JERUSALEM — A planned meeting this month between Prime Minister Benjamin Netanyahu and Republican presidential candidate Donald Trump set off a chorus of criticism here on Wednesday, leading the Israeli leader to dissociate himself from Trump's call to ban Muslims from entering the United States.
Netanyahu's office said the meeting, planned for Dec. 28, was scheduled two weeks ago, well before Trump's comments on Muslims, and that the prime minister was prepared to meet any visiting American presidential candidate who requested a meeting.
But Trump's call Monday for "a total and complete shutdown of Muslims entering the United States until our country's representatives can figure out what is going on" brought a strong reaction here, where sensitivities are high over exclusion of individuals on the basis of religion.
Trump's remarks drew criticism from some members of Netanyahu's governing coalition, and 37 Israeli parliament members signed a letter urging Netanyahu to cancel his meeting with the candidate.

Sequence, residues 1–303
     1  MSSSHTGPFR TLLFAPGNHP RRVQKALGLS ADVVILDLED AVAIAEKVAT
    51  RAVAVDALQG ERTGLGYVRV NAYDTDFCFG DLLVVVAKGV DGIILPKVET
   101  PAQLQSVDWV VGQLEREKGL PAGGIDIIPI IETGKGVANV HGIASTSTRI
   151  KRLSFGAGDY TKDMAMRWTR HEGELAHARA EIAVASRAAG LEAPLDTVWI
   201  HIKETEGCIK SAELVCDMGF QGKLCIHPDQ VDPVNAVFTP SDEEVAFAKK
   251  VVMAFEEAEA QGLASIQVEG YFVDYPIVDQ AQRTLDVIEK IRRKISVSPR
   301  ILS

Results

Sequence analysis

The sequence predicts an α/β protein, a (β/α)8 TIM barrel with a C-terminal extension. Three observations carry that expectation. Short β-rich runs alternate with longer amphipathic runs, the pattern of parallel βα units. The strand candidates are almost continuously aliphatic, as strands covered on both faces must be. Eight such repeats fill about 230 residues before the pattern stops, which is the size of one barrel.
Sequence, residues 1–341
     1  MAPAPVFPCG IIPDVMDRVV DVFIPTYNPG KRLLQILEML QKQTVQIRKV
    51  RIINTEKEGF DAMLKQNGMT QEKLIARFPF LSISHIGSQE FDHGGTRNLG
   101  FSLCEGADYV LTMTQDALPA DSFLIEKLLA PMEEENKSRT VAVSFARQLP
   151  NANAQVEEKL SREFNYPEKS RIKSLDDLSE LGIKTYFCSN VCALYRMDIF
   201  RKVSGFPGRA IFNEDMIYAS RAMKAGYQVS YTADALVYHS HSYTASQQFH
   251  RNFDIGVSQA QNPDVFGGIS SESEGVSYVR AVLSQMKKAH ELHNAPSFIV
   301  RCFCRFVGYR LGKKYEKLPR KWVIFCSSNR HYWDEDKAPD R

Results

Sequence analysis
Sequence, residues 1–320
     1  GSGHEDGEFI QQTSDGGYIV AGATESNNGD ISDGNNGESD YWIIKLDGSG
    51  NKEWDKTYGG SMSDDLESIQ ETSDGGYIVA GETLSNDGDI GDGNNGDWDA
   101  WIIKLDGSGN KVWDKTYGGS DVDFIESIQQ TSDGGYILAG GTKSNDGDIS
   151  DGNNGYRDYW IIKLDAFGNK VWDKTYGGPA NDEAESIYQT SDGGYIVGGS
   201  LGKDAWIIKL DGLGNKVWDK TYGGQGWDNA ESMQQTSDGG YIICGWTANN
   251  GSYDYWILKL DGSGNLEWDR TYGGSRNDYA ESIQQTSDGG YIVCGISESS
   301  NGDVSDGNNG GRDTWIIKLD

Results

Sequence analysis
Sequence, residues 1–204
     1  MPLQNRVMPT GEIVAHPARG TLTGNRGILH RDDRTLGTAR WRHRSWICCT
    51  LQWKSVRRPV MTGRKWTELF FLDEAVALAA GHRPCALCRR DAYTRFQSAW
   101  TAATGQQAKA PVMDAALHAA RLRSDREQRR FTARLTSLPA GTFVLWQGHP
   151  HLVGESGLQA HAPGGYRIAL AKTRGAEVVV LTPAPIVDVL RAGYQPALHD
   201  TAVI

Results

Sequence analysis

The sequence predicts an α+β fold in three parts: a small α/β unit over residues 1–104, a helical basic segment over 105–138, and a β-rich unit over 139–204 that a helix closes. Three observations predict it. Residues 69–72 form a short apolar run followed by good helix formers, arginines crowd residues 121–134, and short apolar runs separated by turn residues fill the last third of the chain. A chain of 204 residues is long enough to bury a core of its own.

In response, Netanyahu's office issued a statement distancing him from the anti-Muslim rhetoric without stepping back from the meeting.
"Prime Minister Netanyahu rejects Donald Trump's recent remarks about Muslims," the statement said. "The State of Israel respects all religions and strictly guarantees the rights of all its citizens. At the same time, Israel is fighting against militant Islam that targets Muslims, Christians and Jews alike and threatens the entire world."
Netanyahu's policy of meeting all visiting presidential candidates "does not represent an endorsement of any candidate or his or her views," the statement added. "Rather, it is an expression of the importance that Prime Minister Netanyahu attaches to the strong alliance between Israel and the United States."
News of the planned meeting drew harsh criticism from lawmakers representing Israel's Arab minority, which is mostly Muslim.
Ahmad Tibi, a member of the main Arab party, the Joint List, called Trump a "neo-Nazi" and said he should be banned from addressing parliament.
"As an Israeli citizen, I ask that the state treat the racism against me in the same way it would relate to racism against Jews," said Issawi Freij, an Arab member of the leftist Meretz party.
Energy Minister Yuval Steinitz, who is close to Netanyahu, also criticized Trump's rhetoric. "I recommend fighting terrorists and extremist Islam, but I would not declare a boycott of Muslims in general," he told Israeli Army radio.